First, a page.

Trademark law protects a brand name or a symbol used to distinguish goods or services from competitors. However, descriptive marks can’t ordinarily receive trademark protection unless they have acquired “secondary meaning” through advertising or exposure. Keegan & Donato Consulting consumer surveys can help you establish secondary meaning, a crucial step in your trademark litigation.
Keegan & Donato Consulting is a specialty research consultancy in beautiful Rye, New York. Principals Mark Keegan and Tony Donato offer wide-ranging strategic and analytical skills in intellectual property litigation and have collaborated extensively with plaintiffs and defendants in support of trademark infringement and trade dress litigation and on cases involving marketing, business, and financial issues.
What is Secondary Meaning?
Secondary meaning occurs when significant numbers of consumers are presented with a trademark that consists of words that have an ordinary meaning of their own, a mark they associate with a particular supplier of goods or services.
A good example is the word “Apple.” The term ordinarily refers to a sweet, edible fruit. Still, consumers also associate it with its secondary meaning, which is specific to a hardware and software brand best known for its personal computers, smartphones, and digital devices.
Other examples include Xerox® for copy machines and Band-Aid® for adhesive bandages. These names were initially generic descriptions. After decades of use in the marketplace, however, they achieved trademark status because the manufacturers proved that a secondary meaning was established in the minds of consumers between the products and their sources.
How a Survey Can Help
A secondary meaning survey can be used in trademark infringement cases to determine whether a particular trademark has acquired a secondary meaning.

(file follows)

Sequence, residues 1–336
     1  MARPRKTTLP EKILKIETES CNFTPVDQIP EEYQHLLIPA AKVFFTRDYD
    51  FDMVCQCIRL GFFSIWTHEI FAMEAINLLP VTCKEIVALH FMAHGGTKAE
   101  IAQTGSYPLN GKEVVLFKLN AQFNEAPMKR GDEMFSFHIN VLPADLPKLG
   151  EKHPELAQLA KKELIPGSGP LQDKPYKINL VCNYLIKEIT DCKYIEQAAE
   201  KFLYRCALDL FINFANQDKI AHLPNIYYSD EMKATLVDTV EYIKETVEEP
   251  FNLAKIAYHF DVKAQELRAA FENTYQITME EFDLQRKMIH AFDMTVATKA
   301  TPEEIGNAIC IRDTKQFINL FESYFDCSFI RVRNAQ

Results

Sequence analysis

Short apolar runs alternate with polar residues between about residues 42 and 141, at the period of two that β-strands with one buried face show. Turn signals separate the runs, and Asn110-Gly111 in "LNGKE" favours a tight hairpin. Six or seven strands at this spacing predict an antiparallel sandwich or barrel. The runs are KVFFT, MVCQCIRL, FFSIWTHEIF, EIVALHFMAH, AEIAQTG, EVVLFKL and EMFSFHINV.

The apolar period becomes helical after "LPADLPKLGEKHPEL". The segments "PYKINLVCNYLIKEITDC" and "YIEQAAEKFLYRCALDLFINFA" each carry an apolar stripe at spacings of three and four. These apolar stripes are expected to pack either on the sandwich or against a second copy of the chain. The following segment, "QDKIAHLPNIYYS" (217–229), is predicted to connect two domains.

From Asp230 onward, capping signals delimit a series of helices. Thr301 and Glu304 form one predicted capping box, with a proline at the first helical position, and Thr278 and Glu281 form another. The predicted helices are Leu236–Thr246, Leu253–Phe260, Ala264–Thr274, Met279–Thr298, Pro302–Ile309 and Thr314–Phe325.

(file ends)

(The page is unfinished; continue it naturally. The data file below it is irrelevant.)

The process involves questioning consumers about the trademark, such as what product or service it represents, where they have seen the trademark, and what comes to mind when they see it.
The survey results are analyzed to determine whether the trademark has acquired a secondary meaning and is protectable. If a plaintiff can show that the defendant’s use of the mark will likely cause confusion among consumers, the plaintiff may be entitled to injunctive relief and damages.
A Notable Court Decision
One of the most notable court cases that relied on a secondary meaning survey was the case of Two Pesos, Inc. v. Taco Cabana, Inc., 505 U.S. 763 (1992). In this case, Taco Cabana, a Mexican restaurant chain, sued Two Pesos, a competing Mexican restaurant chain, for trademark infringement. The plaintiff claimed that Two Pesos, the defendant, had copied its distinctive trade dress, which included a festive and colorful decor.
The Supreme Court relied on a secondary meaning survey conducted by Taco Cabana to determine that its trade dress had acquired a secondary meaning. The Court held that the plaintiff’s trade dress was protectable because it had acquired a secondary meaning and that the defendant had infringed on Taco Cabana’s trade dress.
Secondary-meaning surveys can be an essential tool in trademark infringement cases. Contact Keegan & Donato Consulting at (914) 967-9421. Our team can work on a fixed-rate or hourly basis based on your needs and will help you design a methodologically sound consumer study.